Every Wednesday at 9:13 am, one of Pittsburgh's finest music writers joins me (Cindy Howes) on the Morning Mix to play a couple favorite new songs and share some insight. Today we welcome Andy Mulkerin of Pittsburgh's City Paper

In case you missed it here's what he played with commentary by Andy (plus a  bonus song):

Future Islands, "Before the Bridge" - Future Islands is a formerly Baltimore-based, currently Brooklyn-based synthpop band led by the enigmatic and growly Samuel T. Herring. Their last full-length grew to be a favorite of mine; this single was released earlier in the summer in advance of their next full-length, On the Water, which is due in October.

Nikki Lane, "Gone, Gone Gone" - This is the title track from Nikki Lane's EP from earlier this year. She's a young singer-songwriter with a very classic take on country music; it's a little bit affected, but then, so is Dolly Parton, eh? She's got a full-length in the works; I'm interested in seeing how it comes together.

The War on Drugs, "I Was There" -This Philly-based band (which originally included Kurt Vile) is getting a lot of buzz for their ethereal new album, Slave Ambient. Is it wrong that I think Adam Granduciel sounds a little like Bryan Adams? Like, if Bryan Adams were the least bit cool?

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Every Wednesday at 9:13 am, one of Pittsburgh's finest music writers joins me (Cindy Howes) on the Morning Mix to play a couple favorite new songs and share some insight. Today we welcome Scott Tady of The Beaver County Times.

In case you missed it here's what he played (with commentary by Scott):

Glen Campbell, "In My Arms" - One of the most remarkable albums of 2011 is "Ghost on the Canvas," the farewell effort by 75-year-old Glen Campbell. Campbell has been diagnosed with early stage Alzheimer's disease, which sets a dramatic backdrop to an album, due out Aug. 30, where the country-pop singer poignantly comes to terms with his situation. Far from wallowing in sorrow or regret, Campbell celebrates the gift of life and the love of family on the album, providing inspiration to us all. The all-star lineup of guest musicians includes Billy Corgan, Jakob Dylan, the Dandy Warhols, Teddy Thompson and Paul Westerberg, who wrote the title track, reminiscent of Campbell classics "Wichita Lineman," "By the Time I Get to Phoenix," "Galveston" and "Gentle on My Mind." I've chosen here one of the liveliest songs, "In My Arms," which gets twanged and surfed up by the guitar triumverate of Chris Issak, Brian Setzer and Dick Dale.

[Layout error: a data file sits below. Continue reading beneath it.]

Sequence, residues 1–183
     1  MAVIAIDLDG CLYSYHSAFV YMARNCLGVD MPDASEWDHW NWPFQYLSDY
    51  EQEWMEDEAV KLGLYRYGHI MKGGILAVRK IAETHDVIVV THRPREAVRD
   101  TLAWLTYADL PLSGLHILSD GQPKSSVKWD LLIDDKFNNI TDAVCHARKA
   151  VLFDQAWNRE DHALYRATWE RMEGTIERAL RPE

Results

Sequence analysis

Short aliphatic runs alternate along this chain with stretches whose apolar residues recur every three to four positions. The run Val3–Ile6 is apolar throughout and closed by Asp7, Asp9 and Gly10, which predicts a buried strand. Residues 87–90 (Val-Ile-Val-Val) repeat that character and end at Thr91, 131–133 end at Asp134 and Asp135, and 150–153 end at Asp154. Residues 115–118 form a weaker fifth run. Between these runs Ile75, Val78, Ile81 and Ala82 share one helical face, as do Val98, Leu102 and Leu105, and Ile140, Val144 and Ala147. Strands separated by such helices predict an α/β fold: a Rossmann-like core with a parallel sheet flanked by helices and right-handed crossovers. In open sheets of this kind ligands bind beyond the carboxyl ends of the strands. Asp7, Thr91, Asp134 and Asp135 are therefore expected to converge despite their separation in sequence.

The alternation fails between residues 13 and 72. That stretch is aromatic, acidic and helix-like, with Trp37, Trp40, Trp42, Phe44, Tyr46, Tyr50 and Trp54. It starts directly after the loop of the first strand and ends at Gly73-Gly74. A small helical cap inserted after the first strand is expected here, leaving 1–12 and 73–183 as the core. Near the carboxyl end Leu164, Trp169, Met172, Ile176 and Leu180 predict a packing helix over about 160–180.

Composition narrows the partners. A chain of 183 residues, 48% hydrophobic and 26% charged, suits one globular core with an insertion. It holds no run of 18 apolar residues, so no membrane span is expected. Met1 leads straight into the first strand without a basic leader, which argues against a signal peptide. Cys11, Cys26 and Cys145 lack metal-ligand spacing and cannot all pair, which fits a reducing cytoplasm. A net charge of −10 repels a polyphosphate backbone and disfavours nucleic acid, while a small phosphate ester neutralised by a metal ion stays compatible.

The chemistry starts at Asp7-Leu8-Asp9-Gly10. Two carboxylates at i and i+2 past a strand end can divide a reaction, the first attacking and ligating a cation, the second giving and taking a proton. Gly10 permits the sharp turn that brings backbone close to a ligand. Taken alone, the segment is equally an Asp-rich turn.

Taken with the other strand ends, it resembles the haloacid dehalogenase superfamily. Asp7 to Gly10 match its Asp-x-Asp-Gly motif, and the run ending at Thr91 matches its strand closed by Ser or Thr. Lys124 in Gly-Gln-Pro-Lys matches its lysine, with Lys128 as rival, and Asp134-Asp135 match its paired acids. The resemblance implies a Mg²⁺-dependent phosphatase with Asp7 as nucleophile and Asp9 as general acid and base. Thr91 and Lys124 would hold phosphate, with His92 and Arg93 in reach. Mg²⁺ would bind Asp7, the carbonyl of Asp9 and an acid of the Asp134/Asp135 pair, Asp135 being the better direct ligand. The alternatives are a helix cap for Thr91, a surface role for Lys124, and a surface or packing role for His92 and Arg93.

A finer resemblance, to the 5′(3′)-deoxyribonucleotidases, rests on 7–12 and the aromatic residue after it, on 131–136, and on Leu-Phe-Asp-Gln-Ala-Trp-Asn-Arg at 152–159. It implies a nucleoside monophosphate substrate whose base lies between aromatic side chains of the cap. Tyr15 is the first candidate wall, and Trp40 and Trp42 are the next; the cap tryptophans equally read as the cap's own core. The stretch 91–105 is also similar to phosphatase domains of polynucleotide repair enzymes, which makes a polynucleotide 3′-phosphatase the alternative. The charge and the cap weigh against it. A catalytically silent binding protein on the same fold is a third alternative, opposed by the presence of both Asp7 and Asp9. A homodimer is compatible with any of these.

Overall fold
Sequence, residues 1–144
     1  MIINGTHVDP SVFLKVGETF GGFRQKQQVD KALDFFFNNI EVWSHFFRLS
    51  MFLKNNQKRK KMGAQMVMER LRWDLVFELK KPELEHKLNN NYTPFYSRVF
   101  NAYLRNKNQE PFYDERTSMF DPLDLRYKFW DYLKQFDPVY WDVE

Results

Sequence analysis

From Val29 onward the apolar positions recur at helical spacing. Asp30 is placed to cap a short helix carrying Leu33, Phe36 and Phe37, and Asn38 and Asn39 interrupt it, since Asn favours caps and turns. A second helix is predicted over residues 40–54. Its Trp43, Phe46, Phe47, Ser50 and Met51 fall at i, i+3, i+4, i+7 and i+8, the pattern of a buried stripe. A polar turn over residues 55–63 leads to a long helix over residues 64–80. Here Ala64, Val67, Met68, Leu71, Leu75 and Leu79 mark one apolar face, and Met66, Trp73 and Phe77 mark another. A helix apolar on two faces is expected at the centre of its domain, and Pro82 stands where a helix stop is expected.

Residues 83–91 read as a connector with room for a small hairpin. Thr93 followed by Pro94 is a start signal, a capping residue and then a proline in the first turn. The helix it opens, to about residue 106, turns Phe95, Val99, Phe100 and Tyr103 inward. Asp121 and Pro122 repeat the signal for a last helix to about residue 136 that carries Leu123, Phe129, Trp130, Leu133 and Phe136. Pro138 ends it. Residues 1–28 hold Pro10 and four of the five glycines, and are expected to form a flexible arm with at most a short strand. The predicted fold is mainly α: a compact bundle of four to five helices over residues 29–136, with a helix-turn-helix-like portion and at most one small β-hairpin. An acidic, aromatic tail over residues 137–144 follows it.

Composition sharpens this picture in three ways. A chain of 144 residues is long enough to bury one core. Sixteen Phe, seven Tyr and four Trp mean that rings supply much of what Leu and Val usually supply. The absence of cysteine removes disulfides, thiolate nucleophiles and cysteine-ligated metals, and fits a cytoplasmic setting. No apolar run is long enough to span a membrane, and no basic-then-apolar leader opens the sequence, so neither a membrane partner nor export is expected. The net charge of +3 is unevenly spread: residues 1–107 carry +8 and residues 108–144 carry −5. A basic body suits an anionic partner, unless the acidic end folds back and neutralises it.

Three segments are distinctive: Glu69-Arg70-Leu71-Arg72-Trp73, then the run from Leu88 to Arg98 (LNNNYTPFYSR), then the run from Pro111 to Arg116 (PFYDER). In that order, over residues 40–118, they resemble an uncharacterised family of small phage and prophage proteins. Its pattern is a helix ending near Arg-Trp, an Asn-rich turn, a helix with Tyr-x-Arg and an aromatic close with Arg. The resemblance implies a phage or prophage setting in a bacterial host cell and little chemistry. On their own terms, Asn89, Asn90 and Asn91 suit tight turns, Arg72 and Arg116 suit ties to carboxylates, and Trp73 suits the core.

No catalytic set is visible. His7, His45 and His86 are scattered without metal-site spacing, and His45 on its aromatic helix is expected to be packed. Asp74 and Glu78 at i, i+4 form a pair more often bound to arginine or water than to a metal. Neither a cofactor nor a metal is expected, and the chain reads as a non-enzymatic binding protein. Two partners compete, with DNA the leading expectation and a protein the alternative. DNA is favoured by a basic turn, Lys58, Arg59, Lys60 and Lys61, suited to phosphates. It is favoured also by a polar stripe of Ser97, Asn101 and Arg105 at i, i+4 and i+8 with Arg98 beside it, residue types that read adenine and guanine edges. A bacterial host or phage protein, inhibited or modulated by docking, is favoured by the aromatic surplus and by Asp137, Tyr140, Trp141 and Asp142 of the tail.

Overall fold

Yawn, "Acid" - These suburban Chicago psychedelic rockers are drawing lots of Animal Collective comparisons. They're trippy, in case the title of this debut single left you wondering. The full-length album arrives Aug. 30. Having opened shows for the likewise memorably named Yuck, not to mention Pittsburgh's Girl Talk, Yawn hits the road next month with Mates of State. The second night of their tour visits Mr. Small's Theatre.

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Every Wednesday at 9:13 am, one of Pittsburgh's finest music writers joins me (Cindy Howes) on the Morning Mix to play a couple favorite new songs and share some insight. Today we welcome Scott Mervis of The Pittsburgh Post-Gazette

In case you missed it here's what he played with commentary by Scott:

Tedeschi Trucks Band, "Ball and Chain" - It was only a matter of time until Susan Tedeschi and Derek Trucks just chucked everything else and started a real band together. After all, they've been married for 10 years. Not surprisingly, with her soulful singing and his dazzling slide work, it's a potent combination, especially with a full 11-piece band of seasoned players. They headline the Pittsburgh Blues Festival on Saturday.

Joss Stone, "Newborn" - Like Derek Trucks, British soul-rocker Joss Stone started as a teen and had to be channeling some sort of spirit to sing the way she did. Eight years and five albums into her recording career, she's still blossoming. This is from her new album, "LP1," but you can also look forward to her work with Super Heavy, the supergroup featuring Mick Jagger, Damian Marley, Dave Steward and AR Rahman.

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Every Wednesday at 9:13 am, one of Pittsburgh's finest music writers joins me (Cindy Howes) on the Morning Mix to play a couple favorite new songs and share some insight. Today we welcome Andy Mulkerin of Pittsburgh's City Paper